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NCJ Number: 221854 Find in a Library
Title: Administrative Segregation From Within: A Corrections Perspective
Journal: The Prison Journal  Volume:88  Issue:1  Dated:March 2008  Pages:123-143
Author(s): Maureen L. O'Keefe
Date Published: March 2008
Page Count: 21
Publisher: http://www.sagepub.com/ 
Type: Report (Study/Research)
Format: Article
Language: English
Country: United States of America
Annotation: This study profiles inmates in "administrative segregation," as confinement in a supermax prison is called in Colorado, along with the process and reasons for such placement.
Abstract: Generally, administrative segregation involved inmates who had a pattern of disruptive behavior in prison that was more serious and habitual than that of most inmates. Rarely were inmates placed in segregation only on the basis of the nature of the crime for which they had been sentenced. In the absence of a national standard or guideline, it is not clear what level or type of disruptive behavior triggers segregation. Demographically, inmates placed in administrative segregation tended to be young males. A disproportionately high rate of mental health needs were found in inmates placed in administrative segregation. For many of the inmates, these conditions apparently existed prior to their imprisonment. Two cohorts were used in this study, one to examine placement reasons and one for population comparisons. All administrative segregation hearings from January 2004 through December 2005 were used to analyze placement decisions; 1,614 hearings were held during this period, which involved 1,459 inmates. The Colorado incarcerated population at the end of fiscal year 2005 was used in the profile analyses. Administrative segregation inmates were identified among the inmate population through their classification levels; 1,210 inmates were classified as administrative segregation. Data on inmates in segregation were obtained with instruments that measure proficiency in reading, math, language, and spelling; general mental capacity; recidivism risk; personality disorders and clinical syndromes; and psychiatric disorders. 2 tables, 1 figure, and 43 references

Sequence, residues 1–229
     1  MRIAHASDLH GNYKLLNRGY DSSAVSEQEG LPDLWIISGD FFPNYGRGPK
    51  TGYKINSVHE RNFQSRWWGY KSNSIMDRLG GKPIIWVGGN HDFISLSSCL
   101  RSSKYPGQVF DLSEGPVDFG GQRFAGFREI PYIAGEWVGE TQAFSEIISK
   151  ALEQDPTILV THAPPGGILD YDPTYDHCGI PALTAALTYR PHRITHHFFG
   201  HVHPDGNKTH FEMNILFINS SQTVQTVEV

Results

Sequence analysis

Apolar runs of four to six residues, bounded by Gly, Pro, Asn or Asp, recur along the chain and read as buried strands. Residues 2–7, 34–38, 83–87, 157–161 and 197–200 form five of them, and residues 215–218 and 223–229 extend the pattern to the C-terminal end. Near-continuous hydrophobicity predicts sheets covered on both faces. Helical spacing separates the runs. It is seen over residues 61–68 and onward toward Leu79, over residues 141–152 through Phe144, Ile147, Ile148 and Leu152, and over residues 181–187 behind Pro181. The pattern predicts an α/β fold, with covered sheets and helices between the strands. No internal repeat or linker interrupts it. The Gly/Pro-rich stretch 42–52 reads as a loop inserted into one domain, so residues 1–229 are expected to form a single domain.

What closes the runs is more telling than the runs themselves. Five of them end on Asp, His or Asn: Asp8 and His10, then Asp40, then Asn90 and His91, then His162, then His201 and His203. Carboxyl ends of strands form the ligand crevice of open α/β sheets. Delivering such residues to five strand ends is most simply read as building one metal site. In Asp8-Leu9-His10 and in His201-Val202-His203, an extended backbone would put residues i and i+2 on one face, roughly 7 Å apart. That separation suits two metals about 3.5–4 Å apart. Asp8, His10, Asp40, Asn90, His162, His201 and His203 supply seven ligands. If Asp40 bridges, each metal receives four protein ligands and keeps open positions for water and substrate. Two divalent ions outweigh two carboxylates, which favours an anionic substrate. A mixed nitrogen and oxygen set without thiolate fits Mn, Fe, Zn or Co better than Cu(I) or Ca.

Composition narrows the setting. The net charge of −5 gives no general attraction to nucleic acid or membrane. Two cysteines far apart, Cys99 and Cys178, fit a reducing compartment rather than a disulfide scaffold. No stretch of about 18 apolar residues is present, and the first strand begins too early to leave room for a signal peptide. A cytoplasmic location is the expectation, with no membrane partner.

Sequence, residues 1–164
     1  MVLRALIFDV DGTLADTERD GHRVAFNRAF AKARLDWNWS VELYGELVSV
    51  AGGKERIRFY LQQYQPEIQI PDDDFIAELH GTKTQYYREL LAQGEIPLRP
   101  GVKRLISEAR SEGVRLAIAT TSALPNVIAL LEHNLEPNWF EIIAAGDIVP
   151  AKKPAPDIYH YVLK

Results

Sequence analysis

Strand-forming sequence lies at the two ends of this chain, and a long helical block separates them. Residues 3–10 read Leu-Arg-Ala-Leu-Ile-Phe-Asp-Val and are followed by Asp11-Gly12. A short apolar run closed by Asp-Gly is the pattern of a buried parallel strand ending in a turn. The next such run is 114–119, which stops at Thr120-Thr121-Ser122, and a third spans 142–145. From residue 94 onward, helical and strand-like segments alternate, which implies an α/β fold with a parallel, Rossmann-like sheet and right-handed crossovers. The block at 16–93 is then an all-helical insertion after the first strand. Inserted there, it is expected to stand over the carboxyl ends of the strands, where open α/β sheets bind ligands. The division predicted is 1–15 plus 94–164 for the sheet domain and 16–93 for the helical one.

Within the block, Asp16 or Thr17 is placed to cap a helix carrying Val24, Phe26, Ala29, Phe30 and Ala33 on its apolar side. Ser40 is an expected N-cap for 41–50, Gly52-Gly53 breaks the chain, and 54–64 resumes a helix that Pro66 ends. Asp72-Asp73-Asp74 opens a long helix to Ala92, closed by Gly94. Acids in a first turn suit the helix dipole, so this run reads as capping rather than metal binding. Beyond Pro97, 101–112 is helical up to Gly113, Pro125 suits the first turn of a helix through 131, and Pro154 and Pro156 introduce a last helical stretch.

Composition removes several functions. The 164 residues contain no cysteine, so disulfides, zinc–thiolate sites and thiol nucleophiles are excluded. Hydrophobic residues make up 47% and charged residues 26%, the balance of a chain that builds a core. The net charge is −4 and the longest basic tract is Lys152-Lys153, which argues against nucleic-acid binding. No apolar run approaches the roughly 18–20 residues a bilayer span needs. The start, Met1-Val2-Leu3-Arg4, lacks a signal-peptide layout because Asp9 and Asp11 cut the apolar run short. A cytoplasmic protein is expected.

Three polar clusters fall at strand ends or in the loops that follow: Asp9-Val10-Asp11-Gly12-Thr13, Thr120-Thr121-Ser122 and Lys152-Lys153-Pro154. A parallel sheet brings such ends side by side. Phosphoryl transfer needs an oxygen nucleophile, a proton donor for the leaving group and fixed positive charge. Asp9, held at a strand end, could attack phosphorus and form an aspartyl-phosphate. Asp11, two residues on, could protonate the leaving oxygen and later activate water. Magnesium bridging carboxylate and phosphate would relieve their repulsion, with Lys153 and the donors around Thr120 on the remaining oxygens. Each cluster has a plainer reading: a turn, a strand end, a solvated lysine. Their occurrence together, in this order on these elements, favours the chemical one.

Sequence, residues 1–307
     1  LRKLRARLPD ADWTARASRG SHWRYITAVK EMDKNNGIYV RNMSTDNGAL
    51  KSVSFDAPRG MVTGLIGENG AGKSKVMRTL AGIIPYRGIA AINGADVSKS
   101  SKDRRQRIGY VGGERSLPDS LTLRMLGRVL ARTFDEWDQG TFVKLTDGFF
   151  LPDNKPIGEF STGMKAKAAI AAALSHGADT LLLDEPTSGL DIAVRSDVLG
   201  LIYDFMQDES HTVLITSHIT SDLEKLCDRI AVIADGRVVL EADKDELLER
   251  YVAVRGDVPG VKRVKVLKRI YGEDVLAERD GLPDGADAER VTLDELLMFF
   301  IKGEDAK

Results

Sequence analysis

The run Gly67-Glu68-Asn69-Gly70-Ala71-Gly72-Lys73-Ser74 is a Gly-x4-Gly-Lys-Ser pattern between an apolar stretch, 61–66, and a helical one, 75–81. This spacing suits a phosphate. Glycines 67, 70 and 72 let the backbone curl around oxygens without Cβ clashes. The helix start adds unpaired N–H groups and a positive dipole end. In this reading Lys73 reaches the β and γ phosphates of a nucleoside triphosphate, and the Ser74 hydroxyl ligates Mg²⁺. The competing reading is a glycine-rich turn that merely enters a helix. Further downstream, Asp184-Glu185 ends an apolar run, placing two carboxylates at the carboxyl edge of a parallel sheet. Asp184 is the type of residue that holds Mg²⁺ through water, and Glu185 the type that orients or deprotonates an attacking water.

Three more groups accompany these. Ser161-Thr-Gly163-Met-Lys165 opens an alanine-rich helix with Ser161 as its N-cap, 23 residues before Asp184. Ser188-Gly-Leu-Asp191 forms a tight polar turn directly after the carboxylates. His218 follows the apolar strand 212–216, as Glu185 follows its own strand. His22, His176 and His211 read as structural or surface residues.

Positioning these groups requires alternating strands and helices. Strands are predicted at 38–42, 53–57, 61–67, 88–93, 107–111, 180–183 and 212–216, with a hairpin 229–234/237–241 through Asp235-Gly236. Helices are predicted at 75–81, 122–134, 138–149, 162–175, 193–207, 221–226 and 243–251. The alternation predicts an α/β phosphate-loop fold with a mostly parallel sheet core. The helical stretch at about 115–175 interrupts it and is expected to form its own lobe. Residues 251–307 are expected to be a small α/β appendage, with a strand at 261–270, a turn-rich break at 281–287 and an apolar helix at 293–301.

Main Term(s): Corrections policies
Index Term(s): Colorado; Corrections decisionmaking; Inmate characteristics; Inmate classification; Inmate segregation; Maximum security; Prison conditions
To cite this abstract, use the following link:
http://www.ncjrs.gov/App/publications/abstract.aspx?ID=243739

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